Exploratorium Wins LEED Platinum
The US Green Building Council has announced that it has awarded LEED Platinum certification, its highest award category, to the Exploratorium.
Situated on Pier 15 on San Francisco Bay, with 330,000 square feet of indoor and outdoor space, the museum is also striving to become one of the first and largest, net zero museums in the world. (Net zero buildings generate at least as much energy as they consume over the course of a year.)
“LEED Platinum certification sets the stage for us to continue on with our sustainability goals as we work towards achieving net-zero energy,” comments Shani Krevsky, Exploratorium Campus Project Director.
Integral Group designed the Exploratorium’s mechanical and plumbing systems, which include an innovative radiant heating and cooling system that exchanges energy with the bay and a rainwater collection system that’s used to flush toilets.
“Installing the baywater system also meant we were able to avoid installing a cooling tower, which saves over a million gallons of potable water a year,” says Joseph Wenisch, who managed the project for Integral Group.
“Not only is this building designed with the intent to be net zero energy, it is also low carbon because we designed the building to use no natural gas,” Wenisch adds.
Now that the Exploratorium construction is complete and the building is occupied, the design team has begun monitoring the building’s energy performance. “There is every reason to believe the Exploratorium will perform at net zero over the course of the year,” Wenisch says.
More than 300 electrical meters installed in the building monitor lighting, equipment and plug loads. “This will be a 50- or 100-year building so monitoring provides a continual process to learn how this building can grow over time. Our next steps are to make the building performance more transparent and put more information on display,” Wenisch says.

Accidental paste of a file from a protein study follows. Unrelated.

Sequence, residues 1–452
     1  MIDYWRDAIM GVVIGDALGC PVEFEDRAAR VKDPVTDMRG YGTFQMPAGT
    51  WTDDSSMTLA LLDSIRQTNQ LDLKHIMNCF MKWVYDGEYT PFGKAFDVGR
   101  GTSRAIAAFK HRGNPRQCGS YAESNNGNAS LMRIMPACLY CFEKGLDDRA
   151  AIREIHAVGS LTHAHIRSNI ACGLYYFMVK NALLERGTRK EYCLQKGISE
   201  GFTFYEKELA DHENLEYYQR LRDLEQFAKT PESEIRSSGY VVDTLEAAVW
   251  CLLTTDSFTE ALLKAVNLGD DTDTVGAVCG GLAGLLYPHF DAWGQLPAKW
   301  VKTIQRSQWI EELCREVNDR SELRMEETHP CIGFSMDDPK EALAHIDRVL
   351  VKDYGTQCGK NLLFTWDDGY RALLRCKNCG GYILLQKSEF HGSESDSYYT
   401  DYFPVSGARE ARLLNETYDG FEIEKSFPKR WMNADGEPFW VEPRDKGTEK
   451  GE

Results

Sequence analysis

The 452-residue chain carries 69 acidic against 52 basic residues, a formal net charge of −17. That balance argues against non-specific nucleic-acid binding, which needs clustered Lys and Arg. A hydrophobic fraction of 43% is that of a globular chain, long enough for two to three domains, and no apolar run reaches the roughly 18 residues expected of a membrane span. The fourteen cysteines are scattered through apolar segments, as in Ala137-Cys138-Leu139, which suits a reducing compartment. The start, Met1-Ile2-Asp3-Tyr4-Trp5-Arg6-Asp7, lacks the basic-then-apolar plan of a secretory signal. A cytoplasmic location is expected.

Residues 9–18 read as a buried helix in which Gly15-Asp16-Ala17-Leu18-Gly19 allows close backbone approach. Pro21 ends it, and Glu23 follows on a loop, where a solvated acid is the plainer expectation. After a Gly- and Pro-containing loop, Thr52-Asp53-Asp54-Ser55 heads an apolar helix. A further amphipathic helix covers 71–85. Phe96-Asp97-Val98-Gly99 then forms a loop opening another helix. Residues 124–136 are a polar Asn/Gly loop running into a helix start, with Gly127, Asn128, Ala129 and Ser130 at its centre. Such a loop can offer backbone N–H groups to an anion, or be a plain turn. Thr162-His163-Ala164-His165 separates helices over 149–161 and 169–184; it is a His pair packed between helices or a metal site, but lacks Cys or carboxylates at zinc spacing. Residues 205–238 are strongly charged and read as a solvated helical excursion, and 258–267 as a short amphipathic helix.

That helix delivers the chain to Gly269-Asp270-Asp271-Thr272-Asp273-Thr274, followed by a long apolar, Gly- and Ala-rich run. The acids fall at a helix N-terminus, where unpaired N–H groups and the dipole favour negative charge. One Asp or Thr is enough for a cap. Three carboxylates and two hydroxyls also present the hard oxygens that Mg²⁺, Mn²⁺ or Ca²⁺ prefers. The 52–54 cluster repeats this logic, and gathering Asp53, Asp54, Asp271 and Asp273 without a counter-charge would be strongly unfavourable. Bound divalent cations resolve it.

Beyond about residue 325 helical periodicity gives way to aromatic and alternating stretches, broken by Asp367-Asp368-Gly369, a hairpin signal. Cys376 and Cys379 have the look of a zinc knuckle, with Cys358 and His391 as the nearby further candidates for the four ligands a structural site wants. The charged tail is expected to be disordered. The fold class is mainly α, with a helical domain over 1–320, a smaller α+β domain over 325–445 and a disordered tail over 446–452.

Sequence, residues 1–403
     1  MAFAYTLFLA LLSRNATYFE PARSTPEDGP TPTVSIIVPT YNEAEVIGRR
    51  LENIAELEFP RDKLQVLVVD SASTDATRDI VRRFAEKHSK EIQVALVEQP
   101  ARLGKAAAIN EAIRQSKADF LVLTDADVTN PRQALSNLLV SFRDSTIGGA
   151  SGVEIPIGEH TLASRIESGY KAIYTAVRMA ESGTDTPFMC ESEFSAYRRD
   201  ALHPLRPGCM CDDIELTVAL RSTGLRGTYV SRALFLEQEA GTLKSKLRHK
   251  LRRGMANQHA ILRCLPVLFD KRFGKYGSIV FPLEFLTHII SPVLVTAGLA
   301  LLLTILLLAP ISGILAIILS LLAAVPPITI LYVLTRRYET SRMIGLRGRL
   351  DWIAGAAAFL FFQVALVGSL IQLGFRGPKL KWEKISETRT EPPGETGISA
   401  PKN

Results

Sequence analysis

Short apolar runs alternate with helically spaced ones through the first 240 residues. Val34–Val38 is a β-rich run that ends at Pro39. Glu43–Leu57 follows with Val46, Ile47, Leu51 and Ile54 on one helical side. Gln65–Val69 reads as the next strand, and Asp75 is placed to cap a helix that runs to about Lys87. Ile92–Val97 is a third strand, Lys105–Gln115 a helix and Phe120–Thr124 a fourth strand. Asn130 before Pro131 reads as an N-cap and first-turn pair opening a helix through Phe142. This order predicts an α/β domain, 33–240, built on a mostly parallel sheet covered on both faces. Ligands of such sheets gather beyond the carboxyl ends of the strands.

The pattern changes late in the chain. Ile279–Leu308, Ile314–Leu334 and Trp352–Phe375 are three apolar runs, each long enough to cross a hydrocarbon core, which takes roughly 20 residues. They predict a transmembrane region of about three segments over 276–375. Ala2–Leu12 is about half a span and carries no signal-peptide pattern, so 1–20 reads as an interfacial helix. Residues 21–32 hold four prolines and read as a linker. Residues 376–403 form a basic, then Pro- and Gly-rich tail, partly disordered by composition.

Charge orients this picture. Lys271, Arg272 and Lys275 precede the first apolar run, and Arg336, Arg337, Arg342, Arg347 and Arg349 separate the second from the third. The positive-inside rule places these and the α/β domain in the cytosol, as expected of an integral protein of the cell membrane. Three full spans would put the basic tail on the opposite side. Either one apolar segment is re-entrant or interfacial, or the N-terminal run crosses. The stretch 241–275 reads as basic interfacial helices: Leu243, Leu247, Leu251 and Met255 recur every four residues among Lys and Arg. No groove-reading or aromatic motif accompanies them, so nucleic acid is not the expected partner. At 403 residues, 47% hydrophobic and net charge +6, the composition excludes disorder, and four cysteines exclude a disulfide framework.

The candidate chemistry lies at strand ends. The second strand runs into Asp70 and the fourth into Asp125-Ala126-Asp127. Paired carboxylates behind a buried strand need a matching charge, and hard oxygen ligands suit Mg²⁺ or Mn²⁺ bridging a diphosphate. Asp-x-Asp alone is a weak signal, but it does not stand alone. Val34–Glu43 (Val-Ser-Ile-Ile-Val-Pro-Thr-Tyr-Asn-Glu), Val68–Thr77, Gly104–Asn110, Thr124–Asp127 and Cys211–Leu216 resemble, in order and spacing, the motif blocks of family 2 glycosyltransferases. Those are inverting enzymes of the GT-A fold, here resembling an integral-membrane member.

The world-renowned science museum has already incorporated education about net zero energy as part of a real-time exhibit, with live energy use and photovoltaic production on public display. The museum also develops online exhibits for its 12 million a year online visitors.
“That’s why we wanted to work on this. Because it reaches so many kids and kids really believe it’s possible to do a net positive building,” Wenisch explains. “The impact on young people is so huge.”
To learn more about the Exploratorium’s net zero energy goals, and its 1.3-megawatt solar power system and baywater heating and cooling system, please see the Exploratorium Net Zero Press Kit.
Our new book Revolutionary Engineering features the inside story of designing the Exploratorium.
The principal design team for the Net Zero, LEED Platinum project consisted of: EHDD Architects, Nibbi Brothers as general contractor, Dave Nelson & Associates on lighting, Rutherford + Chekene on structural engineering, Cammisa + WIPF on electrical engineering and Integral Group on mechanical and plumbing.